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Hercules Resting
Page 28 (verso) from Sketchbook I

Paul Cézanne, French, 1839 - 1906. After a sculpture by Pierre Puget, French, 1620 - 1694.

Made in France, Europe


Graphite on wove paper

Sheet: 7 3/16 x 4 9/16 inches (18.2 x 11.6 cm)

Curatorial Department:
Prints, Drawings, and Photographs

Object Location:

Currently not on view

Accession Number:

Credit Line:
Gift of Mr. and Mrs. Walter H. Annenberg, 1987

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Additional information:
  • PublicationPaul C�zanne: Two Sketchbooks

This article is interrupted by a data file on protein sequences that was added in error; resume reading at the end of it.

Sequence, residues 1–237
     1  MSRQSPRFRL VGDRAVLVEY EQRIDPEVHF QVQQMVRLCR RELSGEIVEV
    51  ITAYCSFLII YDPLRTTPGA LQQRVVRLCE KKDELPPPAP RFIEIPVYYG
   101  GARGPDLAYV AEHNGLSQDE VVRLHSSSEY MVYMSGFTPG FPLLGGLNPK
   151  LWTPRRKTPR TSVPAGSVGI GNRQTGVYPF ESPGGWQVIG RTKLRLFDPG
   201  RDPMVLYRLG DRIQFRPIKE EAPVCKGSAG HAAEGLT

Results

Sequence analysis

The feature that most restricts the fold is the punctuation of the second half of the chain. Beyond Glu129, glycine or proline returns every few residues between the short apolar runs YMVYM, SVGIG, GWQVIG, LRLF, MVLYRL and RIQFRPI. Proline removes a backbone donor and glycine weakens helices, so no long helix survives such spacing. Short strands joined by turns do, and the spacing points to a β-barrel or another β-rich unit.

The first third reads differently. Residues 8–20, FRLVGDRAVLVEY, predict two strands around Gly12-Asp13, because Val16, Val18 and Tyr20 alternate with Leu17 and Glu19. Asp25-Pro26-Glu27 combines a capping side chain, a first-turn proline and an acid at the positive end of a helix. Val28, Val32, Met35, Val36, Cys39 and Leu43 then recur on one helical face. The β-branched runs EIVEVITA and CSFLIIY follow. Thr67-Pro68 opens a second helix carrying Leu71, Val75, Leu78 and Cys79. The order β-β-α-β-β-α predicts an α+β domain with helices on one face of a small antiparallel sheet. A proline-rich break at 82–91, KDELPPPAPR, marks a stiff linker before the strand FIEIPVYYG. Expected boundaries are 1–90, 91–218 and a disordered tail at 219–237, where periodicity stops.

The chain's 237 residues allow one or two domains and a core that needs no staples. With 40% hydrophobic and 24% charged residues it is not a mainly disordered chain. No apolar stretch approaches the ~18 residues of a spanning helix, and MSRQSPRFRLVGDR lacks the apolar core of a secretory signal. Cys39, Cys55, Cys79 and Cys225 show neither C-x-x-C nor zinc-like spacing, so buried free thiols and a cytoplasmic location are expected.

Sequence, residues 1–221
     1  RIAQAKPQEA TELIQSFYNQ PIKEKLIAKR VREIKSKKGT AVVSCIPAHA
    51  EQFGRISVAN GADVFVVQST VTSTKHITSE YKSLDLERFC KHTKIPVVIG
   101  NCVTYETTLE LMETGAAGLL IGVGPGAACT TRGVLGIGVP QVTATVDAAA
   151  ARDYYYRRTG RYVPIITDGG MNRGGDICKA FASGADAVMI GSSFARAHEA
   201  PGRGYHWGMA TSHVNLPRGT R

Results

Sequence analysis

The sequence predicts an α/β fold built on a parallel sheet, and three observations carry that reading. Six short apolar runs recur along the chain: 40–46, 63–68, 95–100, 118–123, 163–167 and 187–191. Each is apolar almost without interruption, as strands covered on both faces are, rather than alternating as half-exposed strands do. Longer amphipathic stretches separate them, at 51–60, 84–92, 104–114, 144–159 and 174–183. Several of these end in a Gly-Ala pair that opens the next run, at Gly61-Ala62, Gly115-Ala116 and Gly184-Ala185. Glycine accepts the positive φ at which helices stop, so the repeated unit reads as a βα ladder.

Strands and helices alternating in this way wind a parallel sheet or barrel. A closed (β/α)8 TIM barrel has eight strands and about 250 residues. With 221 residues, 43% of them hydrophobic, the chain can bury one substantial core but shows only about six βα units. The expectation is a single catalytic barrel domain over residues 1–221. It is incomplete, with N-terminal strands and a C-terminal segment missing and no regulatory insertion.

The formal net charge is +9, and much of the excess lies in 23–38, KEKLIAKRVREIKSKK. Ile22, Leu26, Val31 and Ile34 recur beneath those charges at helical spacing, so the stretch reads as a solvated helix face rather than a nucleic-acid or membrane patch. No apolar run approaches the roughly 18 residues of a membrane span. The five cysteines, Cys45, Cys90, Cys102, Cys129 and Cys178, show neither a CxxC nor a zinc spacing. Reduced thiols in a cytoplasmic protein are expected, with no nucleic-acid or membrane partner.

Just as Puget was Cézanne's favorite sculptor, so the monumental Hercules Resting was his favorite statue in the Louvre, the one he drew more than any other work there: in addition to this copy, seventeen others are known, including three in Sketchbook II (see Philadelphia Museum of Art, 1987-53-52a, 1987-53-56b, 1987-53-73b) and fourteen elsewhere (Chappuis, Adrien. The Drawings of Paul Cézanne. 2 vols. Greenwich, Conn., 1973, nos. 575-76, 578, 999-1005, 1058-60, 1196). Most of them show the statue not from the front, where Hercules' identifying club and lion skin are visible, but from the rear, where he appears an anonymous, athletic figure, like the Puget Atlases that Cézanne also drew (see Philadelphia Museum of Art, 1987-53-13a). The powerfully muscled shoulders and back, their bulging curves further emphasized, are indeed what Cézanne concentrates on in this sketch, whose vigor matches that of its subject. Theodore Reff, from Paul Cézanne: Two Sketchbooks (1989), p. 88.